| Plan to attend|
“Managing Behavior at Home”
with Rose Nevill, PhD, BCBA
Thursday, March 26
3:00 to 3:45 PM
|This interactive webinar will provide some quick tips and tricks for managing challenging behavior while at home with your family member on the spectrum. It will be followed by a discussion that will provide the opportunity for you to ask questions, connect with other parents, and share your ideas.|
Thursday, March 26 3:00 to 3:45 PM
Link to Zoom Conferencing: https://virginia.zoom.us/j/757293436
Registration is encouraged but not required.After you register, you will receive a reminder and can download an appointment for your calendar.Register here
|Rose Nevill, PhD, BCBA is the Research Assistant Professor of Education and Director of the UVA Autism Research Core. Rose is interested in applied research with individuals with autism spectrum disorder across the lifespan. Read more about Rose.|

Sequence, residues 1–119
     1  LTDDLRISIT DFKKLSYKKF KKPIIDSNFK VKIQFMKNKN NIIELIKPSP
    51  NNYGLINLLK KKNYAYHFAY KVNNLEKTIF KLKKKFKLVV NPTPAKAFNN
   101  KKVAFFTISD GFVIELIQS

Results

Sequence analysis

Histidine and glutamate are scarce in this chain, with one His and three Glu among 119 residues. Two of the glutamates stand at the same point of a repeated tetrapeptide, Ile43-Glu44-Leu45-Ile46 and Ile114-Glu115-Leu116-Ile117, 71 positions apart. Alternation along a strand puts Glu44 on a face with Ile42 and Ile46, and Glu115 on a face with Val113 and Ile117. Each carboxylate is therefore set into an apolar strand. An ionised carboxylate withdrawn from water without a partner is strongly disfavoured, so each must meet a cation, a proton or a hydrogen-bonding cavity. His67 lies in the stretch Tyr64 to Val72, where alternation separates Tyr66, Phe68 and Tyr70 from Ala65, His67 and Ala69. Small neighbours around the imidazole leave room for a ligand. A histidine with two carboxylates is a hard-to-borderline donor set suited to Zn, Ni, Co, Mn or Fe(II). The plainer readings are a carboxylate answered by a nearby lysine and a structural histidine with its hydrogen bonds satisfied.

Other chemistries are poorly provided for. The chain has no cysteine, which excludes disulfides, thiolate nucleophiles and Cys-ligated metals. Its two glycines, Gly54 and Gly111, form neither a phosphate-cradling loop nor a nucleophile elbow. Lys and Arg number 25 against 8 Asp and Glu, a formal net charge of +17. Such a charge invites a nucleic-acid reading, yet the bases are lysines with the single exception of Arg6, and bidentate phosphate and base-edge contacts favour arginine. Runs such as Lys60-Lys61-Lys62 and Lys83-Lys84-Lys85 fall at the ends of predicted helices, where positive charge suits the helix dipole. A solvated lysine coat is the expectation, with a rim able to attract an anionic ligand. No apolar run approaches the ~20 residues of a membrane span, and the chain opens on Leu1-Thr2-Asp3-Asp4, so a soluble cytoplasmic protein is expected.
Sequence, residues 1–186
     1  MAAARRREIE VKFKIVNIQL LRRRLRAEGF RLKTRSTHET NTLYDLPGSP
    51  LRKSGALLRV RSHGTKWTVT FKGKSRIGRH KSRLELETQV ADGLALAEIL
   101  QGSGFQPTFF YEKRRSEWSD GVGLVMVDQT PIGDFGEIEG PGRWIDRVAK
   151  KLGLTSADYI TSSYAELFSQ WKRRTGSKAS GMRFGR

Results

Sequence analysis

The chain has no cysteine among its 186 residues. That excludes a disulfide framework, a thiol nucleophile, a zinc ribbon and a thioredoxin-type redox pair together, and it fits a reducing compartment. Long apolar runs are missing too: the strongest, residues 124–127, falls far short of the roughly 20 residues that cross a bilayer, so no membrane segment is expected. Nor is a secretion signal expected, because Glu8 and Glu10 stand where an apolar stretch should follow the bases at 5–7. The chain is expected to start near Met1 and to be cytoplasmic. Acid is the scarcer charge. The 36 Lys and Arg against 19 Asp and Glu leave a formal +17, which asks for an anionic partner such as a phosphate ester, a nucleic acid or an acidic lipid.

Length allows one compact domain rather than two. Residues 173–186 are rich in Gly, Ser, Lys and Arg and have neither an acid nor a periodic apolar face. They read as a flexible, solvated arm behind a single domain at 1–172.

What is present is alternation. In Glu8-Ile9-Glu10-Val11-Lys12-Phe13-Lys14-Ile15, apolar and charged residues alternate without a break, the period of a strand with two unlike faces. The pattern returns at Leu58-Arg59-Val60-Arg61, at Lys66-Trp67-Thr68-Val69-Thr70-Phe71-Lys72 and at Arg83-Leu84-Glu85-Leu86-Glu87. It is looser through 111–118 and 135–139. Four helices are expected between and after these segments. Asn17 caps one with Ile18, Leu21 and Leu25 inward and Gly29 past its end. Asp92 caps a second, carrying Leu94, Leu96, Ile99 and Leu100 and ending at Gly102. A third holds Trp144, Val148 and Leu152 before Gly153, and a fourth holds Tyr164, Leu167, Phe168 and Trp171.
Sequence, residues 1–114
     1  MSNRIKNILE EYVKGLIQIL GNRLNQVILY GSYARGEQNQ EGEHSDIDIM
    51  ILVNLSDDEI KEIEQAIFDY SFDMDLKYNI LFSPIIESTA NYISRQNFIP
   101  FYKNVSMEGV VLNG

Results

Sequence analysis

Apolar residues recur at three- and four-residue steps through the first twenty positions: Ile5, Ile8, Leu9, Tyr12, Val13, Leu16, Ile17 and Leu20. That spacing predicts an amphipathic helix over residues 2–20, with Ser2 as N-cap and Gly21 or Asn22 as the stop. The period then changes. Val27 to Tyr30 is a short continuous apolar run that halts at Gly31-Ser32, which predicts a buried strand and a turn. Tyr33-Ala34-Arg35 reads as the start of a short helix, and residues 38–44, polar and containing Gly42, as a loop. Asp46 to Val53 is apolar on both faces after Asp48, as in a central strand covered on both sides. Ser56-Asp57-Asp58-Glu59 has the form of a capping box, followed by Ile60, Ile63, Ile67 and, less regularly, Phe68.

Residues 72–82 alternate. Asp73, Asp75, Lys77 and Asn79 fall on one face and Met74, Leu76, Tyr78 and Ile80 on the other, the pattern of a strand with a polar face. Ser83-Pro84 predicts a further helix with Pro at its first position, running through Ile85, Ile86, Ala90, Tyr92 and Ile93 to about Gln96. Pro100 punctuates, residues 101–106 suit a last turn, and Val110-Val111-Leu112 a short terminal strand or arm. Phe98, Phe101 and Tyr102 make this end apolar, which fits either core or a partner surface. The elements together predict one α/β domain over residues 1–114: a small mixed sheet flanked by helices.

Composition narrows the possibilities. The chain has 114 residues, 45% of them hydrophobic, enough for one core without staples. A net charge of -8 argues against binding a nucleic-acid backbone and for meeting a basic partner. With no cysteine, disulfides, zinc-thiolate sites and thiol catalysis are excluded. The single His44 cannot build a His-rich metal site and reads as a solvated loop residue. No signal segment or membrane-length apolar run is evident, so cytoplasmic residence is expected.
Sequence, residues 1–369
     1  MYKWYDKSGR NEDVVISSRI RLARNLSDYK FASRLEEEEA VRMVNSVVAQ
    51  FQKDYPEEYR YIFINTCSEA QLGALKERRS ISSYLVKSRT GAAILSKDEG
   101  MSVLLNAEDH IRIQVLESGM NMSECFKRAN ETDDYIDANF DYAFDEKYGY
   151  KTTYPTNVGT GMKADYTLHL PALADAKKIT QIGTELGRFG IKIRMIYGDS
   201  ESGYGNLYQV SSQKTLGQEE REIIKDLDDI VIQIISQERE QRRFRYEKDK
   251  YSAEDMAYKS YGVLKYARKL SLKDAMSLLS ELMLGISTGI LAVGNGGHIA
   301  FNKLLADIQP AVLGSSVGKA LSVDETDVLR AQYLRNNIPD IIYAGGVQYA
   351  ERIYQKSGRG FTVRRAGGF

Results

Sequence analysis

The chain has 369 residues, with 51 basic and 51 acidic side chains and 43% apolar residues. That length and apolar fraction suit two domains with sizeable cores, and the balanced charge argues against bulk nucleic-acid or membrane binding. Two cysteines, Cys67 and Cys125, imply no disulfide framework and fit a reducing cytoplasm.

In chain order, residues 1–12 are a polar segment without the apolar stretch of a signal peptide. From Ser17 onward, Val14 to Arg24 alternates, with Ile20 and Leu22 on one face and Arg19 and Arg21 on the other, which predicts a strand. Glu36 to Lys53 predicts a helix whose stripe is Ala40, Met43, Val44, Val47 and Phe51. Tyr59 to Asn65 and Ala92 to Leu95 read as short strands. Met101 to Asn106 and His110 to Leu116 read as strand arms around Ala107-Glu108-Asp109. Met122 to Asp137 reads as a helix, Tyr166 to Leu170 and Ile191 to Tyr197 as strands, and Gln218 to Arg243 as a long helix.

|Rose’s Quick Tips for Building Routines|
|Build a visual schedule: For younger learners or learners with greater communication difficulties, help establish new routines using pictures or objects to represent different parts of the day; for example, blocks for playtime, a sandwich for lunchtime, a computer for online learning time.|
Create a two column checklist: Create a “To do” and “Done” side of your child’s schedule – once tasks are finished, your child can get satisfaction from moving items over to finished side. Build in incentives in a simple way, like offering a sticker or a snack after a certain amount of things are complete.
Make a menu: To help give your child ownership over her day, create a set “menu” of options – once an item is used off of the list, it is no longer available. This can be especially helpful with meal planning!
Time screen time wisely: Reserve screen time for parts of the day you need to yourself (for exercise, work meetings, and personal tasks). Limit screen time in the evenings to maximize the quality of your child’s sleep.
Play red light/green light: To help your child avoid interrupting your work, use a signal that he is likely to notice that shows when interruptions are not allowed – for example, wear a brightly colored hat or hang a sign off of your desk. Explain the rule to your child regularly (“Remember, I’m not available when the hat is on!”) and reward him for “following the rules” every few hours or once a day.